Mind the trap

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We’ve mentioned earlier that interest rates for residential mortgages have fallen. However there have been notional increases in rates for buy-to-let mortgages. Some individuals are becoming trapped with their buy-to-let mortgage due to changes in legislation.

For those of you who have a buy-to-let (BTL) mortgage, just be aware that if you want to remortgage the landscape has changed.

Last year the Prudential Regulatory Authority (PRA) announced new underwriting standards for BTL mortgage lenders. This was based on growing concerns that large increases in the BTL market place could represent a threat to financial stability if BTL lenders failed to apply appropriate lending standards. Currently lenders want to see that your property will generate an adequate level of rental income to cover the mortgage interest by a certain margin.

Typically lenders require the rental income to cover the mortgage interest by a margin of 125% calculated at a “stress” interest rate of 5% and not your actual mortgage rate. These new guidelines require lenders to take two important aspects into account:

1) Affordability
Lenders need to ensure their policy takes into account the additional costs associated with your property such as management fees, maintenance costs and rental voids. They will also factor in the increases for higher rate tax payers from 6th April 2017 as the tax relief on mortgage interest will gradually reduce.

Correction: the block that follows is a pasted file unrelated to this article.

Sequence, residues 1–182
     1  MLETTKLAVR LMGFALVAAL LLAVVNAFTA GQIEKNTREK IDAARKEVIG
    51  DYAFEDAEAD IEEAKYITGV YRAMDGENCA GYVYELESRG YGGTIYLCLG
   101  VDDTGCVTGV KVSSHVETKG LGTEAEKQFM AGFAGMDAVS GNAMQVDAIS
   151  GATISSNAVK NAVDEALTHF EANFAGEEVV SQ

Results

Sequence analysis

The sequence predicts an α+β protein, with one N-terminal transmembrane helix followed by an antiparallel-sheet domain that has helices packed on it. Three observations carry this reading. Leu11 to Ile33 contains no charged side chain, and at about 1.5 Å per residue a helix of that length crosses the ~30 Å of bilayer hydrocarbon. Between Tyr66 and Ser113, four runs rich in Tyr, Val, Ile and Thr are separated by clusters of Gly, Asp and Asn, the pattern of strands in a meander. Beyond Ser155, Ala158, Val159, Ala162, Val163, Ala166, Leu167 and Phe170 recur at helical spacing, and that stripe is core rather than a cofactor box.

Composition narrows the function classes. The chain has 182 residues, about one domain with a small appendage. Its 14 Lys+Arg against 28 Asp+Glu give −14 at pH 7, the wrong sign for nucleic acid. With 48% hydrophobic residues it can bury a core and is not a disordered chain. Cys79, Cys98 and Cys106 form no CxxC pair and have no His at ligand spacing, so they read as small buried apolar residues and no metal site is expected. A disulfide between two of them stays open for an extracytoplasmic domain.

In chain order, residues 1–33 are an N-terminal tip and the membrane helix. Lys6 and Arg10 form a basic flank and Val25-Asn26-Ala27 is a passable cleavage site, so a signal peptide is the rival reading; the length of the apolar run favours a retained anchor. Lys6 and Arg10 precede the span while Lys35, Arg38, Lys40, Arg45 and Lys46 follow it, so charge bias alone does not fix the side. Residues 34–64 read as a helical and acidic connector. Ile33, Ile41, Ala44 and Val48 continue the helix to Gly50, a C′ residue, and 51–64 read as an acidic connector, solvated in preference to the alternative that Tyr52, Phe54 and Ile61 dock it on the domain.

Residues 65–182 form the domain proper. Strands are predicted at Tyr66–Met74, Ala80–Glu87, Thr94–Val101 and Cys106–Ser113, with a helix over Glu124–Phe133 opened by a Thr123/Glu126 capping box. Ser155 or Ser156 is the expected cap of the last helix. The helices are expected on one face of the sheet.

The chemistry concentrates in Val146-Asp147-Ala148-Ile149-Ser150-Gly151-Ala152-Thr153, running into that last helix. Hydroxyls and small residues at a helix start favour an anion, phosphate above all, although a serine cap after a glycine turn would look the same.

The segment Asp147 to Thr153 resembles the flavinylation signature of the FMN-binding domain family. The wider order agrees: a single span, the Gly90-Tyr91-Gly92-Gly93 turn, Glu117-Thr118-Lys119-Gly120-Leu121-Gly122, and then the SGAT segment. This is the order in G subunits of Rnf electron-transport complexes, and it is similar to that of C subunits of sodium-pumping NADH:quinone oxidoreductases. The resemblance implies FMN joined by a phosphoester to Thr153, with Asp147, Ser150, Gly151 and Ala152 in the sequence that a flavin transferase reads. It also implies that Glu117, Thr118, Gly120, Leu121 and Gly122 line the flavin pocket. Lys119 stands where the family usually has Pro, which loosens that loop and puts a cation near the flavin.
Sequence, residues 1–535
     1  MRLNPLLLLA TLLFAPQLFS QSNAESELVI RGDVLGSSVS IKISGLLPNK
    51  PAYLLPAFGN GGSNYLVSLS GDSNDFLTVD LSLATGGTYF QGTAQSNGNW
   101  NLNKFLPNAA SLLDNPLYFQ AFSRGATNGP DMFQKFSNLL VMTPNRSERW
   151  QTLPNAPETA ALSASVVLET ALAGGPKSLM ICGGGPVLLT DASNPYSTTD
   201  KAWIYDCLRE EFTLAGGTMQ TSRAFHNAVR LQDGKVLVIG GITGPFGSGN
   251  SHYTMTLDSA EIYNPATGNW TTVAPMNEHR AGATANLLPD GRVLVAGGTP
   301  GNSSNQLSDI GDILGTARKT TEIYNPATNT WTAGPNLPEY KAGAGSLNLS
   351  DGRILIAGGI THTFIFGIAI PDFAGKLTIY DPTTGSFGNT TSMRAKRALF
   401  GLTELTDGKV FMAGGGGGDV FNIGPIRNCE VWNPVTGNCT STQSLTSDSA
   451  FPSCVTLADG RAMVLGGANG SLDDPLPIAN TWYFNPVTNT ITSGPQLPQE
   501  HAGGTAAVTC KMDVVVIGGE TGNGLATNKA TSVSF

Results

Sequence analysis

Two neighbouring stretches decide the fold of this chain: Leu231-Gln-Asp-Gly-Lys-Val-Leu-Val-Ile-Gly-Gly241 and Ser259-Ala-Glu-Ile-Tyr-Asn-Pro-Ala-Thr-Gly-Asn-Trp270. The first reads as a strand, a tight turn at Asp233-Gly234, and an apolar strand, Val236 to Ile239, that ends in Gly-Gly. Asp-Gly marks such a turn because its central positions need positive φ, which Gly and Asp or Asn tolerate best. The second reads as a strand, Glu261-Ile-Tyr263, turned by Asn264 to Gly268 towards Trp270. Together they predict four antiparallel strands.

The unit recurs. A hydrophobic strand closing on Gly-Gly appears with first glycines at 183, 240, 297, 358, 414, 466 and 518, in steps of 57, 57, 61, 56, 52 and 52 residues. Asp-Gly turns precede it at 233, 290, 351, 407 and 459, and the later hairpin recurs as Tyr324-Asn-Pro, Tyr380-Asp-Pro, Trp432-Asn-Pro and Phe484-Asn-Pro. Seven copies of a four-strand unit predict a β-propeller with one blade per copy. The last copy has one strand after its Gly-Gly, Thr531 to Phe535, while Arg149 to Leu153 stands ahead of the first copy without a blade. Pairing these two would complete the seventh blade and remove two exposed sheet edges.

2) Stress Test
Unless the interest rate is fixed for five years or more, lenders need to forecast for potential interest rate rises, essentially taking the higher of:

· Market expectations of future interest rates;
· An increase of at least 2% above today’s levels (currently 2.25%);
· An absolute minimum interest rate of 5.50%.

What does this mean for BTL landlords like you?

The rental income you currently receive may no longer support your current mortgage. For example, a monthly rental income of £750 would support a £144,000 mortgage based on an interest rate of 5% and a rental coverage of 125%. An increase to the stress rate to 5.5% at 125% coverage would reduce the mortgage to £130,909. An increase in the rental coverage to 145% at a stress rate of 5.5% would reduce the mortgage event further to £112,850.

We know of lenders that require a rental coverage of 155%. Do you know what rental coverage and stress test your current lender would apply? Some lenders will take into consideration your personal income to supplement your borrowing. This would be based on a detailed affordability assessment to ensure that there is spare disposable income after fixed and regular commitments are accounted for.

This is in addition to the changes in the tax relief rules for borrowing and the withdrawal of the “wear and tear” allowance which allowed 10% of the profit to be deducted before tax, for fully furnished properties. It would be prudent to see what impact these changes will have on your financial planning.

Don’t leave it too late to plan!

Information is based on our current understanding of taxation, legislation and regulations.
Any levels and bases of relief from taxation are subject to change.
SKF Trading Ltd, trading as SK Financial

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